13 If it is the father’s wish that his son go to college but the son would rather spend his time in the Christian ministry, what should he do? He can explain his desire to his father, and it may be that his father will give consent for him to spend all his time in the ministry. If not, he is obliged to submit to the wishes of his father until he reaches the legal age and as long as he is living in his father’s house. His father has the right to decide on his education. But while in college the son will want to keep his faith strong so that his spirituality will not be damaged by the atheistic thinking he finds there.
14, 15. Why would believing children be concerned if their unbelieving father made them go to a church of Babylon the Great, and what would they do?
14 Now, what will believing children do when their unbelieving father insists that they attend religious services at one of the churches of Babylon the Great? This touches upon a very serious matter that involves their loyalty to Jehovah God. They know that a true Christian will not disloyally worship a false god or participate in a false religious service. They know that the Scriptures command Christians to “flee from idolatry” and to “get out” of Babylon the Great. (1 Cor. 10:14; Rev. 18:4) So what will they do?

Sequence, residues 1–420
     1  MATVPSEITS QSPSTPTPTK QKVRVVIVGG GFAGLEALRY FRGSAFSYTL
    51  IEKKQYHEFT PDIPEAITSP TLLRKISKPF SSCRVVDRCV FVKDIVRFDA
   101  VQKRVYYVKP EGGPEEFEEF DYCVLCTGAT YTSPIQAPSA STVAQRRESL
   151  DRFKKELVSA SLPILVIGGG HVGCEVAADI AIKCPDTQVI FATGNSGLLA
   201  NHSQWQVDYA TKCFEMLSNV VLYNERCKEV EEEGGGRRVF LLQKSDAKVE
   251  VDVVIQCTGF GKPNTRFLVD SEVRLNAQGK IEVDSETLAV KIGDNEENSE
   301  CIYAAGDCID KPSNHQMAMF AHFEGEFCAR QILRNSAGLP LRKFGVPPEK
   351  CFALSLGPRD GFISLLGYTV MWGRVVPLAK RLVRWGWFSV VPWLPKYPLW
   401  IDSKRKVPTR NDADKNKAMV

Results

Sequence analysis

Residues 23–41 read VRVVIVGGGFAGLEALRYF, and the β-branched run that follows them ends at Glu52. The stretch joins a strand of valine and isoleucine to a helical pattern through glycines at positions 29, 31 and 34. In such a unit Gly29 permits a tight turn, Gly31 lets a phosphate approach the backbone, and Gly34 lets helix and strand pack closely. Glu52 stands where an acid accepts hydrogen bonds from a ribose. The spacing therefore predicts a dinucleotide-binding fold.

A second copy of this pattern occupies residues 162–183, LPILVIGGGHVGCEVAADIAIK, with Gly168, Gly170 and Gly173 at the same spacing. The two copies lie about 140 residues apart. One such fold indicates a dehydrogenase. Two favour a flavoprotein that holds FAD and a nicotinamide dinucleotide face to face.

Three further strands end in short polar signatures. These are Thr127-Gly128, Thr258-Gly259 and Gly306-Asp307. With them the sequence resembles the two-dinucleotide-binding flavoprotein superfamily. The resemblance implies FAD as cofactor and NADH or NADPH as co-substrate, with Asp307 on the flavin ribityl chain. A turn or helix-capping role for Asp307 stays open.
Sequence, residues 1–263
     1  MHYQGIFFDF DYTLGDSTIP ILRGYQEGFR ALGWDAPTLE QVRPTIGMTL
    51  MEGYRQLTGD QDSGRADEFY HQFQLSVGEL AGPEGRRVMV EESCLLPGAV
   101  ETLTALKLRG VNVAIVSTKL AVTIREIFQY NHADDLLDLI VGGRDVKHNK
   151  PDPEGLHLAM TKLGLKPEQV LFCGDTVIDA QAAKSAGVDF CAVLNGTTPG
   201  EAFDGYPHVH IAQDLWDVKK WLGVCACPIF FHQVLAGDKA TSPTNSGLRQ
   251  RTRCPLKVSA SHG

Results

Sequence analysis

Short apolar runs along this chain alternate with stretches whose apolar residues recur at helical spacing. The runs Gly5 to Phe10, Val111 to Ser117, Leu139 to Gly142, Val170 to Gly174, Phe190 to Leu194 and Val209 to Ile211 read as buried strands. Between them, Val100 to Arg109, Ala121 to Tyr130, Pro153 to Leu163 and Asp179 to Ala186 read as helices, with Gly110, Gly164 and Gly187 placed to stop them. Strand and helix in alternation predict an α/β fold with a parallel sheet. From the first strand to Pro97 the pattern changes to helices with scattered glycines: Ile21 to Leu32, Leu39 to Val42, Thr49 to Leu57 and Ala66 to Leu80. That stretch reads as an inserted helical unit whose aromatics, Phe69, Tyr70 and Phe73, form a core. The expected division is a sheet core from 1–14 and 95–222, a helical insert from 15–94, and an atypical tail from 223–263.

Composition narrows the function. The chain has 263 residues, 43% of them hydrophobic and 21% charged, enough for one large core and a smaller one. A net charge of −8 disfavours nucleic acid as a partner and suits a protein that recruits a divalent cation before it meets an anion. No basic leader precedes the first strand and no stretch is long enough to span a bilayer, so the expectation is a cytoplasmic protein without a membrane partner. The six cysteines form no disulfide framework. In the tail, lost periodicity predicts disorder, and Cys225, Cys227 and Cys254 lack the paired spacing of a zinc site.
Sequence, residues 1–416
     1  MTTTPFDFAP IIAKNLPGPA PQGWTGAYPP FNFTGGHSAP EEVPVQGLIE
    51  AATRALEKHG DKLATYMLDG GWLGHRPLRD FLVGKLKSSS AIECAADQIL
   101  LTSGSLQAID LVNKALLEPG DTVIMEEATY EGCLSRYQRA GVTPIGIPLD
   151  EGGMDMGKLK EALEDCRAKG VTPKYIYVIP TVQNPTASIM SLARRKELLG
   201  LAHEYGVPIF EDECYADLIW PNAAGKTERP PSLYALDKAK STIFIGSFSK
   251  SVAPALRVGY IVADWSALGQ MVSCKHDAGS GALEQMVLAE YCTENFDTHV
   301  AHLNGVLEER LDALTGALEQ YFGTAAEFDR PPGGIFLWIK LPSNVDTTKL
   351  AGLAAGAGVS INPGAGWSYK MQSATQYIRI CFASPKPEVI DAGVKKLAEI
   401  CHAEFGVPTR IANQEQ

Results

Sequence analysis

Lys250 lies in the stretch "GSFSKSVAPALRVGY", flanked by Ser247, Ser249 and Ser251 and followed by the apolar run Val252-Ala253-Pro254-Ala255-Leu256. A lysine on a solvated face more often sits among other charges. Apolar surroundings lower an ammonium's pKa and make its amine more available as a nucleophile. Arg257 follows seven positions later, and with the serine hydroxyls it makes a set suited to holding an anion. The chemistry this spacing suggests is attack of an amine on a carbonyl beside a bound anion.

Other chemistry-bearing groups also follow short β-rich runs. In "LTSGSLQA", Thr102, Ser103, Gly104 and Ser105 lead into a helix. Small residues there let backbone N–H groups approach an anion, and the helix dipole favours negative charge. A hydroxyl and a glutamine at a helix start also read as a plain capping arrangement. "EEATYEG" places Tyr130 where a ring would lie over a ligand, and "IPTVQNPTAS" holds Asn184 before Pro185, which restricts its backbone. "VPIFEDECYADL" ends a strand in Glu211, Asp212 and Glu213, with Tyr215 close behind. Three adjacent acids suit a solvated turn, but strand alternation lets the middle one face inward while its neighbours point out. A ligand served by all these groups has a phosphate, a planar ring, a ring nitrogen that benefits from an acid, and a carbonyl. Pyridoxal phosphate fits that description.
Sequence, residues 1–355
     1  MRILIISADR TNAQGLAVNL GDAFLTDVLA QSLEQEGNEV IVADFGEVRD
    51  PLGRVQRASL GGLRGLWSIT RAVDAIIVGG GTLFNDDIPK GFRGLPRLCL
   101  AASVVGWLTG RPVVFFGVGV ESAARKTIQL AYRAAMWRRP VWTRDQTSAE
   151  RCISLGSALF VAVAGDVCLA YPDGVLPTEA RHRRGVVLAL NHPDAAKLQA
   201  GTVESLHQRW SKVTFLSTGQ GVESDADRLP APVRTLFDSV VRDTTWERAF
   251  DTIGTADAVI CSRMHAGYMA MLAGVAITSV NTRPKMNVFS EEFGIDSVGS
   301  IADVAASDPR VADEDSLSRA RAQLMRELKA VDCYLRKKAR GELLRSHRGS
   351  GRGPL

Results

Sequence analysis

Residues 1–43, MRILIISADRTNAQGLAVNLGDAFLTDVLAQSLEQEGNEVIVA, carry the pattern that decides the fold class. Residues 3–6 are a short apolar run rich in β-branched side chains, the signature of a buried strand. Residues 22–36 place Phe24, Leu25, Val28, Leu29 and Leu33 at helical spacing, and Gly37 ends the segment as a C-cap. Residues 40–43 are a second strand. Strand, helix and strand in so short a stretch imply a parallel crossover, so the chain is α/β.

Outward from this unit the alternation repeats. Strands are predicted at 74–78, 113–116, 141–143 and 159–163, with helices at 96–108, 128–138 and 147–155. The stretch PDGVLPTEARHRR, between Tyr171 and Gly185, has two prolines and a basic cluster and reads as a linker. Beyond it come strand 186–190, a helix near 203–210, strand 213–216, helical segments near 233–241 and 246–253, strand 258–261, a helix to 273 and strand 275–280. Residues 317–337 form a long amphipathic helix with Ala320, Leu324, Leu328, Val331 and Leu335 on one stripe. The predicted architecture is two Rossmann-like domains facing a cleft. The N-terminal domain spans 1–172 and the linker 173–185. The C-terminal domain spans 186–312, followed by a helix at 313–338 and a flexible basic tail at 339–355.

15 They will be obedient to their father and go to the church, but once they are there, a personal decision will have to be made by them as to whether they will engage in the religious service or not. They have reached the point where there is a direct conflict between the commands of God and the commands of their father. Their father has pushed them to the point where they are compelled either to disobey him or to disobey God. When the apostle Peter was faced with a somewhat similar decision because of having been commanded by the legal authorities in Jerusalem to stop talking about Jesus Christ, he said: “We must obey God as ruler rather than men.” (Acts 5:29) He was willing to take whatever punishment they might give him for obeying the Supreme Sovereign.
16. How can a youth view punishment he receives from an unbelieving parent because he refused to disobey God?